Tips for students returning home

By Alyssa Fountain, Columnist

Home is a concept that comes with a lot of connotations such as parents, your own bed and something from the past — we are going home for the summer. For a lot of us, this can cause some anxiety.

Some are worried about tense family situations, like when your odd grandfather who tells stories about Antarctica moves in and takes over your bedroom.

Others are nervous about being trapped at home — if you don’t have a car, you might be stuck with bratty younger siblings.

Alternatively, you may be the one expected to drive your 13-year-old brother to his first girlfriend’s house and your sister to the mall.

Home means a return to curfews and a return to rules.

So, the best way to cope with the situation is to have a battle plan.

First of all, respect your parents. Acknowledge they have had to adjust to you being gone, and now they have to adjust to you being back. It’s weird for them too — or so my mother says.

Second, don’t get yourself into trouble. Have a backup plan, so if you break curfew, you can tell your parents you were doing something they would approve of. But try not to break curfew in general.

Third, if you want to be treated like an adult, recognize that will come with adult-sized duties. If your parents are putting a lot of responsibility on you, it’s a sign of respect and understanding that you are old enough to take care of some things.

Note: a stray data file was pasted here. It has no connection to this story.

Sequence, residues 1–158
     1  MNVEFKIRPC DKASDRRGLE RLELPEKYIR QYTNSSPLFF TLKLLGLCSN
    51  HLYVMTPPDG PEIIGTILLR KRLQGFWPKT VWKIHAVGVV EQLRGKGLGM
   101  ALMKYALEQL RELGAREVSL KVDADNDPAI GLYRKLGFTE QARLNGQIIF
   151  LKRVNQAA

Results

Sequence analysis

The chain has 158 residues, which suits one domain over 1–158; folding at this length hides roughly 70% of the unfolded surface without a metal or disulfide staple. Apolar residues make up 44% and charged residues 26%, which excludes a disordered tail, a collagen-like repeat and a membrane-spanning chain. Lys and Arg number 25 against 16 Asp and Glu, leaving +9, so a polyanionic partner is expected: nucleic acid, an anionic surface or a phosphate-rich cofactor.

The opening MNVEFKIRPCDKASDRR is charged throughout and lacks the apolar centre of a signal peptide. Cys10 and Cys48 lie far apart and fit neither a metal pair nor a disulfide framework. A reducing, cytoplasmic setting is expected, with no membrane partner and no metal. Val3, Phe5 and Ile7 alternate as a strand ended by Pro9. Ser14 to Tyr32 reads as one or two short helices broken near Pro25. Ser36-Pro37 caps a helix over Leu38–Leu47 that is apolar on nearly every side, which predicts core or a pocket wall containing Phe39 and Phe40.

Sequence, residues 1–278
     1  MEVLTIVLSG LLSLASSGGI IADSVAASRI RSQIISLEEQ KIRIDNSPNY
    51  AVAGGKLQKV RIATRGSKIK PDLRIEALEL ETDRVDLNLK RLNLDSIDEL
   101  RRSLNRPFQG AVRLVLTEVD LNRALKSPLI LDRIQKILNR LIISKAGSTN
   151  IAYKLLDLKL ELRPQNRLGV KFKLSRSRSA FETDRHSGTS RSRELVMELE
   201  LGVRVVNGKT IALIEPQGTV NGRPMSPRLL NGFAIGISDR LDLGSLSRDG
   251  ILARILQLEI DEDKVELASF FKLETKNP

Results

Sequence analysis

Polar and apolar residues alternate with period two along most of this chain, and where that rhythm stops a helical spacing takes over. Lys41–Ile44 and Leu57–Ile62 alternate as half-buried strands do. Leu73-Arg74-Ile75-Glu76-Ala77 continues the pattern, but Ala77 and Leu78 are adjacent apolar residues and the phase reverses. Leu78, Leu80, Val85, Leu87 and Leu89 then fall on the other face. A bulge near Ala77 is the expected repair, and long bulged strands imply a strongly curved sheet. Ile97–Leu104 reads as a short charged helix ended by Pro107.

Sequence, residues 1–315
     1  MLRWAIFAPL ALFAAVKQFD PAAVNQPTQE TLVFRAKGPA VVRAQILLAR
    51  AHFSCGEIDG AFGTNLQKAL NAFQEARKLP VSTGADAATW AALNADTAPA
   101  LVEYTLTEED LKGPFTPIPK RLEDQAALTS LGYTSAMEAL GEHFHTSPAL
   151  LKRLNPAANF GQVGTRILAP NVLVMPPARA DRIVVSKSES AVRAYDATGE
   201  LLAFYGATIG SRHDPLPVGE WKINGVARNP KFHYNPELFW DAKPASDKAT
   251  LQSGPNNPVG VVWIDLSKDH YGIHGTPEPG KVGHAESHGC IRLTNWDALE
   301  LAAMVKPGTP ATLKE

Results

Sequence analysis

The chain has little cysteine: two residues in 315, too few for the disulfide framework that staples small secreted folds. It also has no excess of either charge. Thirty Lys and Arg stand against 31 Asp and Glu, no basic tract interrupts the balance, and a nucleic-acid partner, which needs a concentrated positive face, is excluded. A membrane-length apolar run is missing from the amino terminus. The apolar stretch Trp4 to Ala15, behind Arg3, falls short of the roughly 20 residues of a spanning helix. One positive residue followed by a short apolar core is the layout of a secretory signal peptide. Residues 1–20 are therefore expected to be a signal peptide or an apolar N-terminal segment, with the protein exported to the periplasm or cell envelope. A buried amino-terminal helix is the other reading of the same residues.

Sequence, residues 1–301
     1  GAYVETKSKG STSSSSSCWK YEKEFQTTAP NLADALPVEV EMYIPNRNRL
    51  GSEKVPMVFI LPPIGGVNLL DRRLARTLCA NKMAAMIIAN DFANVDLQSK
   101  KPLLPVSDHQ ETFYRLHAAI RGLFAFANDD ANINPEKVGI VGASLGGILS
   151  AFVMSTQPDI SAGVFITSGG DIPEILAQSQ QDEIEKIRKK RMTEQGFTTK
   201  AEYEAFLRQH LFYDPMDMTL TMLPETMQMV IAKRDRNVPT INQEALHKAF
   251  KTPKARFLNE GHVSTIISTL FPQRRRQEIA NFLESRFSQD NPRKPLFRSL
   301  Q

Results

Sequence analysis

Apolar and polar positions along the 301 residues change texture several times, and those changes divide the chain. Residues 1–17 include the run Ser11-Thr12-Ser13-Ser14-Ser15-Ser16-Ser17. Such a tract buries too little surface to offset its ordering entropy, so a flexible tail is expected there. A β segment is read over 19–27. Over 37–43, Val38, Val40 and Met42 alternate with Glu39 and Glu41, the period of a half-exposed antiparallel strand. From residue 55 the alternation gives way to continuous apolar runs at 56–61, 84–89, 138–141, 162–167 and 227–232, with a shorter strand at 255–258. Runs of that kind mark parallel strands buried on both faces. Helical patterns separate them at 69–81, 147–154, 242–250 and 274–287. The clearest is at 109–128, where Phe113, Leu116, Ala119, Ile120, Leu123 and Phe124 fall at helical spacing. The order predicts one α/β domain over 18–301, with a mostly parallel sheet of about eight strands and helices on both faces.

Yes, it can be annoying when your brother is stinking up your car with too much cologne, but at least your parents trust you with him.

Finally, get out when you can and take advantage of the summer. Go on a long walk if your grandfather is driving you insane. Invite some old friends to go bowling. Walk the dog — I guess you could try putting a leash on a cat too.

If you feel trapped, phone a friend. Usually they’ll be pretty happy to come pick you up.

Here’s a special shout out to those people going home for the first time. It’s nerve-wracking — you have a new normal and that is going to be different.

Remember that your parents have a new normal, and everything is going to feel weird for everyone. But you guys will make it through together.

Some of us, myself included, are going to a new home for the first time. That’s pretty anxiety provoking, not knowing anyone there. So try some open communication with your parents, and just remember that everyone is doing their best.

Good luck and have a great summer.

Leave a Reply